“They took everything,” Nichols, a medicinal patient in the District.

In the last few months, sources tell Leafly local authorities have raided a growing number of cannabis events at private homes and bars and restaurants around the city. On Jan. 20, cops arrested 22 people at XO Lounge downtown, seizing 17 pounds of flower, 10 pounds of edibles and two quarts of oils.

‘I chuckle when I think about people believing that the law can be so easily gotten around. Clearly it cannot.’

One week earlier, they busted an event at Vita Lounge in Shaw, arresting one person and seizing more than three pounds of cannabis, along with edibles, oils and $1,181 in cash, an arrest report confirmed. And on Dec. 22, 2017, police shut down an event at The Elroy on H Street, taking five containers with an unspecified amount of flower, the department confirmed.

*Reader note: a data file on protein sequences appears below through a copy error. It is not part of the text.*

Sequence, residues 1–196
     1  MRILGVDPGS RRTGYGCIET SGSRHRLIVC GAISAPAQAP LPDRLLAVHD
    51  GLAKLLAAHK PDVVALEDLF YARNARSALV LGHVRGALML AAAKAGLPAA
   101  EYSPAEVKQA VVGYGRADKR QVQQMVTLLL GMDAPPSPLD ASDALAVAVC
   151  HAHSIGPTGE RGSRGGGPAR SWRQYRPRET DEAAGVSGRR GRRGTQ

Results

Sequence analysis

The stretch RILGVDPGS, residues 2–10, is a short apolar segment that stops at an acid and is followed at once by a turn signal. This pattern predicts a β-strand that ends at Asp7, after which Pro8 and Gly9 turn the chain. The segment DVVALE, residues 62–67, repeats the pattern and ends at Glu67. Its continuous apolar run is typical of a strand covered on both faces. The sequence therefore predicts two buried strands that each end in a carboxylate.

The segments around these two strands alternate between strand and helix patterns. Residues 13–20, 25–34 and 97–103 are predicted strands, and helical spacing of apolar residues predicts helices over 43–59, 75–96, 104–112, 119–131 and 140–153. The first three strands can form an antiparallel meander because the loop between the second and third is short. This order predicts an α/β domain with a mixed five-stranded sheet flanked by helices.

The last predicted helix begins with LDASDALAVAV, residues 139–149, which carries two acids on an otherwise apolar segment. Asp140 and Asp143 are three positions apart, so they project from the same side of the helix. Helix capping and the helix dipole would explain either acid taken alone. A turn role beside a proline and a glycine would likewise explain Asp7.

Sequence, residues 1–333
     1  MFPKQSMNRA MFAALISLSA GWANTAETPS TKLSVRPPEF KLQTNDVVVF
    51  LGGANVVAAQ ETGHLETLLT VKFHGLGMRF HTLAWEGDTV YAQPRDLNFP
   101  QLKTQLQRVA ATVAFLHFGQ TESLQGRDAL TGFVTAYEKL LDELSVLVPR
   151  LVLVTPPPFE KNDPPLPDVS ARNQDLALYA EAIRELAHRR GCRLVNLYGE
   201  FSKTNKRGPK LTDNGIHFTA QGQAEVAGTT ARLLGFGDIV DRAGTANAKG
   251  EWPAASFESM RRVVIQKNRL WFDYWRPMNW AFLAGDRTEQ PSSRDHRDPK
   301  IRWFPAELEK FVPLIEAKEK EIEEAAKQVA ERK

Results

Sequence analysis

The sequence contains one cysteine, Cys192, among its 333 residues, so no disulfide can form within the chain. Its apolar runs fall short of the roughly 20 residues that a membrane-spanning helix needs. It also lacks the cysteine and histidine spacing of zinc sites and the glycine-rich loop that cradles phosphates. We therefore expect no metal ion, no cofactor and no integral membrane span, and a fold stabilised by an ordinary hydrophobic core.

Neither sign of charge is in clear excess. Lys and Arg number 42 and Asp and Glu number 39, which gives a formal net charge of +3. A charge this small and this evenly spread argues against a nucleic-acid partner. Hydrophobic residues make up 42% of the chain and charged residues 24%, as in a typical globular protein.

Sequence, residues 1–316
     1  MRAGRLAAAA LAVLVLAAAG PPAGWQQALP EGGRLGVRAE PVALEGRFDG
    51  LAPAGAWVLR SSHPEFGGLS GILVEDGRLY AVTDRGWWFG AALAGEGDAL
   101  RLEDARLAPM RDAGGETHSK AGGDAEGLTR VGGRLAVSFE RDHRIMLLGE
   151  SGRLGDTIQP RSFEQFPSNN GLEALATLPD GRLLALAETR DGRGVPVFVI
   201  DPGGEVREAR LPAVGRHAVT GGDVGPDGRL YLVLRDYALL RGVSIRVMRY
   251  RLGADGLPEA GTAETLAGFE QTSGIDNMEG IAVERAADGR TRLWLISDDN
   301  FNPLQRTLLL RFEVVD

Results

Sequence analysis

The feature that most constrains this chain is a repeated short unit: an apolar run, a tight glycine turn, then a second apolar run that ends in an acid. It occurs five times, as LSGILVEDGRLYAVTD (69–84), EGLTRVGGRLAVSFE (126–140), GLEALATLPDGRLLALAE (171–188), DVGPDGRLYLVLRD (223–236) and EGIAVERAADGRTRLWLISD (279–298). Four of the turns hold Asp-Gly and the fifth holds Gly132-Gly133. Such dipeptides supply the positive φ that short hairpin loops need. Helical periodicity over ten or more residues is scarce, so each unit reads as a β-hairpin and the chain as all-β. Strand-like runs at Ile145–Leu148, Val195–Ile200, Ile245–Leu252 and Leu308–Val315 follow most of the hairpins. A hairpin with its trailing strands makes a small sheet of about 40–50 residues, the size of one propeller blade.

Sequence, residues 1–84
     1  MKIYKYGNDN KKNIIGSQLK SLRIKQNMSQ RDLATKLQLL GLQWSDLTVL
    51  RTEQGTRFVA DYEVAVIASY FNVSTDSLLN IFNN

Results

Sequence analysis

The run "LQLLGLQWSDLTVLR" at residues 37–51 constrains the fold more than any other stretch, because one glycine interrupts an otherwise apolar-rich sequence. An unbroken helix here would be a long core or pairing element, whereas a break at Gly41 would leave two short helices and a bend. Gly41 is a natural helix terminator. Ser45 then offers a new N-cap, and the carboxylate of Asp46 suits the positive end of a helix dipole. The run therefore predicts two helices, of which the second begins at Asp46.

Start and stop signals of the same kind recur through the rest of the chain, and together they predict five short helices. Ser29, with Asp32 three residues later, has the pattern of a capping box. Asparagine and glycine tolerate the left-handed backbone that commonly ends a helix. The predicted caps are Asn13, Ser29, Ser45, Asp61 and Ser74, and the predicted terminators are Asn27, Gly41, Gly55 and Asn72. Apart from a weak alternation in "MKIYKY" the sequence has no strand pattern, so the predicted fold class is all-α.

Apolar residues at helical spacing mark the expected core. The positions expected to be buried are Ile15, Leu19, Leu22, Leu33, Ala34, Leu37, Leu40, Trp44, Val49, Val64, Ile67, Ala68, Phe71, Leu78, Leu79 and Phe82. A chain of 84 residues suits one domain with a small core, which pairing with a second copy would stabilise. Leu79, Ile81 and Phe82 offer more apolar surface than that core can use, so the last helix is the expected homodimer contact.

In 2014, D.C. residents passed the Initiative 71 ballot measure, legalizing home grow of up to six plants, possession of up to two ounces and gifting of up to an ounce of marijuana. Congress blocked the city from spending any money to regulate sales of the plant, but allowed the ballot measure to become law. Days after it took effect, D.C. lawmakers enacted an amendment banning so-called cannabis clubs, prohibiting consumption at bars, restaurants and other public spaces.

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Stopping Human Trafficking

Jaboree Williams was a pimp and drug dealer who brutally abused and psychologically tortured his victims. And thanks to the joint efforts of the FBI and local law enforcement, he will spend the next 30 years in federal prison.